Meet My New Best Friend
If my best friend could be an inanimate object, then I think the Glowforge might get the title. Since we got him (Ronald Raygun, for anyone wondering his name), I’ve spent many late nights in his company.
I’ve gotten quite a few DMs on Instagram about my Glowforge buying experience and my initial thoughts, so now that I’m a few months in I’ve decided to compile my answers here on the blog.
Our decision to invest in a laser came down to a lot of research, number crunching and a bit of spontaneity thrown in for good measure.
What Our Process Used to Look Like
Before-Glowforge (BG) we worked with a partner to outsource our laser cuts. I would hand letter and draw everything, digitize it, make my files laser-ready, and send them over to be cut. This worked well for a while, but had some major drawbacks:
Every time I submitted a file, I needed to make sure I was using every inch of the wood to ensure I was keep my per-sign costs down. If I could bulk 5-6 signs on a piece of wood this was more cost effective than sending one file at a time. However, doing this meant that I had to pre-plan what inventory I wanted on-hand.
Each time I had a custom order to submit, I needed to weigh timelines + costs + what other orders were in the pipeline. It was a tricky dance. I didn’t want to submit files only to have more to submit the next day (and therefore more shipping costs to pay!), but I wanted to make sure I was meeting my turnaround times.
BUT… my turnaround times were LONG. They were always quoted at 3-4 weeks. This meant there were quite a few jobs I needed to either turn down or tack rush fees onto (and therefore the client turned them down).
I couldn’t price for wholesale, which was a bummer for the few inquiries that I got last year and the dreams I had for this business (more on this in an upcoming post).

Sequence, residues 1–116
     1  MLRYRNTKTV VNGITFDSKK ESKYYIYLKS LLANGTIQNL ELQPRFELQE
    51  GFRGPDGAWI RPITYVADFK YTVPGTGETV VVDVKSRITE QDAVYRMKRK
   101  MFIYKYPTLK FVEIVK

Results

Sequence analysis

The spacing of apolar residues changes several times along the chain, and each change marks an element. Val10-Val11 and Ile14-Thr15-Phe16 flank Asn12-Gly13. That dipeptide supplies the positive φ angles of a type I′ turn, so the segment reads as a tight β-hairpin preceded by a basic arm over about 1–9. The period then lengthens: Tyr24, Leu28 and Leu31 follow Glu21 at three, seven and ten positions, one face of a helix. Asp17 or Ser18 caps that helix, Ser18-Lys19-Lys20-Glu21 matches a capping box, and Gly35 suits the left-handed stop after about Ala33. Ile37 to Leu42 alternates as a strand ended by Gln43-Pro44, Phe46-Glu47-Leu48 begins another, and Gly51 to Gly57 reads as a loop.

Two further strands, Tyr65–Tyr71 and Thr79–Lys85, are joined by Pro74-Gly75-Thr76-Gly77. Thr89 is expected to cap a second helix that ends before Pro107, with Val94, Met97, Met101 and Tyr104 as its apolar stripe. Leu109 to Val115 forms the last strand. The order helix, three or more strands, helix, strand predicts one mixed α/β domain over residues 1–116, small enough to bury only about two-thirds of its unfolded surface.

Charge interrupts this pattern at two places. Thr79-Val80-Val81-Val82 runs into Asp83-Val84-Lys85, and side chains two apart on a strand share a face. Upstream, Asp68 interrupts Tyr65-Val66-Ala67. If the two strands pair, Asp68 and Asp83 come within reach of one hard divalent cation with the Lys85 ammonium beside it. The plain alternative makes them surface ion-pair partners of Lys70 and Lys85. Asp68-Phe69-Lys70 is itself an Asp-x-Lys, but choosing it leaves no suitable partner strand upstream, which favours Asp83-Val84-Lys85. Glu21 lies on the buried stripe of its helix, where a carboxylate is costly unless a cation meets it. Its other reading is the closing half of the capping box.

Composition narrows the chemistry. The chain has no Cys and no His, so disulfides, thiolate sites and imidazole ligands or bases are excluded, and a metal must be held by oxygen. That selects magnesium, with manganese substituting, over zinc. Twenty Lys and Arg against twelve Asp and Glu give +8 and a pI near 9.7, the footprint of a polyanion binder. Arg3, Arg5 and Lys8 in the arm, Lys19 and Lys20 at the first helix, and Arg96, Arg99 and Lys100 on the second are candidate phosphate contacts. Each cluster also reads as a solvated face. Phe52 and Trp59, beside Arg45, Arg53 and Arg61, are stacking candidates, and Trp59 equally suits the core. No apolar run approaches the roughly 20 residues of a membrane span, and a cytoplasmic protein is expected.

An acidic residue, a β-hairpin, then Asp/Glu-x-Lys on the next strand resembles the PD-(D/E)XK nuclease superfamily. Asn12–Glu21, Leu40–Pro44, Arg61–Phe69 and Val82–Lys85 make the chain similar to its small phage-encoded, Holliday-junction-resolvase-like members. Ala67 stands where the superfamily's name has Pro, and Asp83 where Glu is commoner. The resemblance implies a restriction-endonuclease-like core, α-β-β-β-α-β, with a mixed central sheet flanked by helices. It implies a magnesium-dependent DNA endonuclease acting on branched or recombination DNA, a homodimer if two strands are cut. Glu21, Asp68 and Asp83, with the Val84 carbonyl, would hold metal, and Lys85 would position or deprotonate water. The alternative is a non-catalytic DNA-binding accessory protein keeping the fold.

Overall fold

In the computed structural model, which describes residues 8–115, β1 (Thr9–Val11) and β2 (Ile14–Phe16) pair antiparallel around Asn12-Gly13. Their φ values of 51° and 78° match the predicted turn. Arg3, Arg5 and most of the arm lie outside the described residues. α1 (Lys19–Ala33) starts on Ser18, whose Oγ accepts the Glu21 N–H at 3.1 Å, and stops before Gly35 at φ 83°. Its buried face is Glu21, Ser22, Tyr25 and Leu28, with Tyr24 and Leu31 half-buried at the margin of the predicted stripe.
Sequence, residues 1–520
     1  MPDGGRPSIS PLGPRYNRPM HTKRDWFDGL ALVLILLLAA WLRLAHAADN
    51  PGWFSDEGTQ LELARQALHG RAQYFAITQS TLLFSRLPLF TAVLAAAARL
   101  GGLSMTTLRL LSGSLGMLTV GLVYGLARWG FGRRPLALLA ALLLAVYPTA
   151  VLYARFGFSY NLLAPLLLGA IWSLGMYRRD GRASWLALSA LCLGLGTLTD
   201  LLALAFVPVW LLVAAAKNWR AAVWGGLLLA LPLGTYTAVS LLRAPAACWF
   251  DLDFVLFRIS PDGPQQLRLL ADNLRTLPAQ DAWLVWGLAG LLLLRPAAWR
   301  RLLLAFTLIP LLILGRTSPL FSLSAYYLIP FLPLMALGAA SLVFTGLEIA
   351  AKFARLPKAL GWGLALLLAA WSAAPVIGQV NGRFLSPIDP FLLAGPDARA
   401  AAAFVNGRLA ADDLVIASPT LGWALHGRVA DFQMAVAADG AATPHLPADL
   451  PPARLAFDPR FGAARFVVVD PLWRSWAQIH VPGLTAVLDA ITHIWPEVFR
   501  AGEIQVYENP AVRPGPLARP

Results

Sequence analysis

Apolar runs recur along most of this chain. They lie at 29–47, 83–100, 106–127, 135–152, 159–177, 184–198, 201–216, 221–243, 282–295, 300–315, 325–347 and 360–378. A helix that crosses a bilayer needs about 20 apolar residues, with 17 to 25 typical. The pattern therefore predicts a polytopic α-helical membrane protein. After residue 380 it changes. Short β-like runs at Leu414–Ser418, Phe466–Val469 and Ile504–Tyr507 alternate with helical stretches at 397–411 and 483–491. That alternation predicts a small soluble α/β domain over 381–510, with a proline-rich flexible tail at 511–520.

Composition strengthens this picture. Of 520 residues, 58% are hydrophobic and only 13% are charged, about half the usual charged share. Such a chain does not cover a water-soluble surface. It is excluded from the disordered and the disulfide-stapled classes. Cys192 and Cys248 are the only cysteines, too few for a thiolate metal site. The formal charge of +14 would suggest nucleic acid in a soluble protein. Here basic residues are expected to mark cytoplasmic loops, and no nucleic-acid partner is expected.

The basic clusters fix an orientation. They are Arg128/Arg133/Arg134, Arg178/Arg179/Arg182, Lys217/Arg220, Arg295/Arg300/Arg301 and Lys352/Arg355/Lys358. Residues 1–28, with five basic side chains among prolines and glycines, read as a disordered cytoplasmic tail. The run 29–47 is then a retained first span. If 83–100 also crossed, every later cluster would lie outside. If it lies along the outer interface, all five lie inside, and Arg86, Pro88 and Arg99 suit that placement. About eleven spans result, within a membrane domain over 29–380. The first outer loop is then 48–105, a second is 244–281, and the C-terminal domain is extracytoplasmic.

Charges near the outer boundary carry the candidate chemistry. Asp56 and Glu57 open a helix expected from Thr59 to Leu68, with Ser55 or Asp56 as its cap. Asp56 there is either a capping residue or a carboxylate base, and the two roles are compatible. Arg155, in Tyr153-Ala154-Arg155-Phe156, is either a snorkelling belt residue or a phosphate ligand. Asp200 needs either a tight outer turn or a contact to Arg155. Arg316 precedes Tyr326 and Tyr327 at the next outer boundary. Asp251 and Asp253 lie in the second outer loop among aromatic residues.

How a Glowforge “Fixes” This
Let’s be honest, all my business challenges aren’t suddenly fixed by buying an expensive piece of equipment; it really just shifts my challenges around. I knew that no laser cutter was going to be perfect, but some of the thoughts that went into the decision:
I tallied up the material expenses (cutting + material fees) and less tangible fees (cost of my time) in outsourcing cutting. Over the course of 6 months, I covered approximately a quarter of the cost of outright buying a laser.
Cutting my turnaround in half (and giving me the ability to do rush orders) gave me the opportunity to look at all the inquiries and near misses from last year (which I keep track of in my CRM tool, Dubsado) to project further income potential.
One of my goals for 2019 is to grow and expand my business through wholesale. I had a few wholesale accounts when I was primarily selling greeting cards, and would love to get back to this. By cutting down my costs, I can better price for wholesale and retail sales.
This could be (and will be) a post of its own, but ultimately the decision came down to ease-of-use and my budget. My disclosure is this: There are better, faster, and much more expensive lasers out there. There are cheaper ones that are a lot more versatile and powerful. I know this. My goal was to find a machine that I could easily get up and running, that wouldn’t need a ton of tinkering, that I could run from inside my home office, and would reliably cut wood. For me, and the lasers that I researched and added to my list, the Glowforge checked all these boxes.
So that’s the quick overview. I’ll be tackling lots of your questions, my tips, and more this year so if there is something you have a question on (lettering, laser, or life related), let me know in the comments below.
PS. If you’re looking to get Glowforge of your own this link (or any of the ones in this post) will get you up to $500 off! Full disclosure that this is a referral link and I do get a small something if you use it.